Tuesday poem: Turn away

August 2, 2016

Turn away from the night.
Too much freedom is implied.
Trap stars in flags, pin them down,
render them national, bordered,
an angular abacus to figure normality.
Adorn children’s essays with thin
gold paper star stickers.
Wonder is juvenilia that we must
grow to despise, jettison
like milk teeth swapped for coin.
Yet those million suns, flickering
light sirens, keep calling, ululating.
Day demands in clear clipped diction
that we make work’s timed rituals
the sum of all equations. From such
abbreviation, each star whispers
turn away, turn to me,
turn to me, and turn away.

P.S. Cottier

bigstock_snowflakes_and_stars_descendin_15991001

I can’t remember if this has been published before; it’s not on my List, so probably not.  There’s going to be a lot of flag waving soon at the Olympics (and, of course, in the final grim push to the US elections) so it seemed appropriate.

cover AWAW

My poem ‘Criminals who are no longer criminals’ has been included in this year’s Award Winning Australian Writing, which included poems and prose that have previously been awarded first place in a literary competition (as you can probably read on the cover).  The annual is published by Melbourne Books, and I’ll be going down for the launch late this month and reading the poem, which will be fun.

The poem qualified as it was placed first in the Thunderbolt Prize for Crime Writing, organised by the New England Writers Centre, and it is concerned with the definition of crime changing over time. It also has a speculative element, as there are ghosts involved.

I believe that the current Thunderbolt Prize is still open for entries: check out the rules and categories here.

Oppressing the gnomes

The garden gnomes are downing tools
all over Australia, and whimsy is plummeting.
No more riding snails and pushing barrows,
or fishing for strangely ecstatic cod,
who gape for hooks in a pornography of cute.
The gnomes are turning nasty, attacking
the flamingos who continue to strut —
elegant pink scabs over the quirky lawns.
Gnomes piss on succulents and smear
foul gnome shit on the guinea pigs.
What do we want? they ask the air.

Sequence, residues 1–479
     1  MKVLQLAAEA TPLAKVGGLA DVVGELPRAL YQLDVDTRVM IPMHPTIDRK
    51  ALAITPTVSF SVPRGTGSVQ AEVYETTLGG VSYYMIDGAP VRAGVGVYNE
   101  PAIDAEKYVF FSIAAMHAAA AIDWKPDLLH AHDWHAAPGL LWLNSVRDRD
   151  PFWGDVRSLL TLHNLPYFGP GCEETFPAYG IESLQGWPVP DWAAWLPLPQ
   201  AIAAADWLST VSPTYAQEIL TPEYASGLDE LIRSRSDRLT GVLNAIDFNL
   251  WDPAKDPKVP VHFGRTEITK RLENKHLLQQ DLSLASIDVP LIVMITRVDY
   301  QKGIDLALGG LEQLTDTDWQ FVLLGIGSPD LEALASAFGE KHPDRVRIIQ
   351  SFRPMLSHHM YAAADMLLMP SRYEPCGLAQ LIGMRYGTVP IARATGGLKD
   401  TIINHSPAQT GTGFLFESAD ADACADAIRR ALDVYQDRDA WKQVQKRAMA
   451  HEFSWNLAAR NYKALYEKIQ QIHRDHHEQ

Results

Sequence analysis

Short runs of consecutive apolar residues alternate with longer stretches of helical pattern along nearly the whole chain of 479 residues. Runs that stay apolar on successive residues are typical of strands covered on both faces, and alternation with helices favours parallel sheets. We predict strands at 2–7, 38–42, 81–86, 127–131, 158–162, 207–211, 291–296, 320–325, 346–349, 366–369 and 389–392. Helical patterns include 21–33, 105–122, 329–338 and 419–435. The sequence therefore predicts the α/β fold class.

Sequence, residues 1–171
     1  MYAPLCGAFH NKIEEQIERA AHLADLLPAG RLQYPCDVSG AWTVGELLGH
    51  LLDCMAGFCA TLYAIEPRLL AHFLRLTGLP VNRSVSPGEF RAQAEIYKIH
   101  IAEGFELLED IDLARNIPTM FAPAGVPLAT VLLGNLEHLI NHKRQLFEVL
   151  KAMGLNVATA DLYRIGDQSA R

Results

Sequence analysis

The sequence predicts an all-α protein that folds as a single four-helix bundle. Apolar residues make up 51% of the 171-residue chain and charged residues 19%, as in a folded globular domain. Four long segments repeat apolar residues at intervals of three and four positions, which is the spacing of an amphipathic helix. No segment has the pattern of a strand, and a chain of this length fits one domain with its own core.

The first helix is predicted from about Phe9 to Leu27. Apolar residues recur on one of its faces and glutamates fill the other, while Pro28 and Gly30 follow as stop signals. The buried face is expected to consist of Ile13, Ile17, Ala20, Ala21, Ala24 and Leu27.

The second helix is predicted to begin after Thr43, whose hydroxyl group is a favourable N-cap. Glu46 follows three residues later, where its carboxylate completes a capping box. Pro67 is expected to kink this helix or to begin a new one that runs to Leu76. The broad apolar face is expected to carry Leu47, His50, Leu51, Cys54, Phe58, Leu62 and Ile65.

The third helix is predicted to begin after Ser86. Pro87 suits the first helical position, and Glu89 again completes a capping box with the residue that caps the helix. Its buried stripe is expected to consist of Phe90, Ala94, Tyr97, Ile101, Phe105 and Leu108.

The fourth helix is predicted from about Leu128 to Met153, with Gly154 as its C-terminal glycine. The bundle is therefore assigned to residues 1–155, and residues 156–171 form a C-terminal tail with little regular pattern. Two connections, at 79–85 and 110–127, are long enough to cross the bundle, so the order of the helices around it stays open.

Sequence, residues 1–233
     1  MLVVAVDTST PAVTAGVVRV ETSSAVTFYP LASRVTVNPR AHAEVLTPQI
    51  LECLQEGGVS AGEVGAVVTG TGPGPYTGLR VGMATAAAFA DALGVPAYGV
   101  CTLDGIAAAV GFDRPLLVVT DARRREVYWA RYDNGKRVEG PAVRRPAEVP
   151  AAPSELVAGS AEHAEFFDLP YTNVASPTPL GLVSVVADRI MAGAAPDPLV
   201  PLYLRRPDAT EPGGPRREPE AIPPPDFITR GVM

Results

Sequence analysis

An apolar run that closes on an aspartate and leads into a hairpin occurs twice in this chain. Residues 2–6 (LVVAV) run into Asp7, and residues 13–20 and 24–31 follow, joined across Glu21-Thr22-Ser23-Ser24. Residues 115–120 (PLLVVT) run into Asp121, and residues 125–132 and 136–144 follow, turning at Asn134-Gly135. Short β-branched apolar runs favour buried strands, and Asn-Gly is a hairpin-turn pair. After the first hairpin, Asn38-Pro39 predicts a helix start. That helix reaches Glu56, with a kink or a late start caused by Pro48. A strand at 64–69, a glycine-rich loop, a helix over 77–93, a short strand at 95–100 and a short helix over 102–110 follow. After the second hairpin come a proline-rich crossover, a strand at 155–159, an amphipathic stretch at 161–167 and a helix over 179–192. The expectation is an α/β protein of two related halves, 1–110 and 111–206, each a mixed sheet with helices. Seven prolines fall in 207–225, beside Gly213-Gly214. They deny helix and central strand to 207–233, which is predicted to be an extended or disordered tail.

But they don’t know what to chant back —
their dissatisfaction is merely existential.
Even their industrial action raises a laugh,
with their crooked green caps slipping,
and their endless pipes twixt ruddy lips.
Their signs are egregiously misspelt.
Nome’s R Us is at least legible,
but the kerning is much worse than that,
and the punctuation speaks volumes.
Get back to it, gnomes, I say, imperiously.
Ply those forks, and play that accordion.
I bask in my elevation to exploiter,
swaying in a complacent hammock.
Surly yet amusing, the wee green men obey.
The ringleader rides a frog to the pond,
and casts in his line like a sigh.

P.S. Cottier

ringleader

This is probably a weird commentary on the zeitgeist.  Either that or the gnomes have been putting things in my tea.

Tuesday poem: (haiku)

July 4, 2016

Blue eye of the sea
flutters white eyelashes —
wet sand flirts

P.S Cottier

study

The poet vows that she will be nastier next time after an unaccountably pretty haiku

 

Walking out of the bar
(Seventh in a long series of nasty little poems)

There is a place that humour goes to die
like superannuated elephants.
The three part joke:
first this
than that
then punchline.
No final mild tingle
can ever atone
for the violence done to the ear
the appalling cringe of taking time
and parking a huge lump of
premeditation there.
People, mostly men,
dump these jokes like turds
to mark the boundaries of thought.
This is a funny! It moves like a funny!
So it must be funny!

You never shed boredom, m’dear.
You just packed it into a new shape;
a triangle of sludge, which you call
a joke. There is no jazz
to such a thing; no quip.
You play your lardy triangle
with a tardy limping tongue.
I listen for inadvertent puns,
or simply walk away.
Far better rude than bored,
says the woman in the beret,
unbearably self assured.
She’s walking out of the bar.

P.S. Cottier

bigstock-Sad-Theater-Mask--Arts-enter-7956480

Over at Project 365 + 1, I just posted a poem about the gym which I like quite a lot.  It has the optimistic name ‘Four times a week’.  Aspirational, one might say.  This was poem number twenty for that project, so I will do another ten days.  It makes the gym seem easy, I must say.

The poet contemplates the inescapable nature of the class system

A Richter moment of tectonic rock came
when I heard the voice of smug middle class
speaking through me. A mythic, conceited Volvo
blonde used me as her blank-eyed dummy,
stuck lovely manicure up me and made me say
‘The guinea pigs don’t like asparagus!’.
My ears could not believe my mouth’s betrayal,
the change marked by that simple recipe.
The seesaw tipped, sudden rodeo bucking,
swung away from student furniture of bricks,
stray cushions and ideas, towards clogging
superannuation of risotto and good red.
Class catches us like butterflies, or half-frozen slugs,
which we pick, so carefully, from our organic greens.

P.S. Cottier

No telling who that poet might be, but I used to have guinea pigs…And how’s that for a catchy title, by the way?

Muffet cc licence 2.0 (Wiki Commons)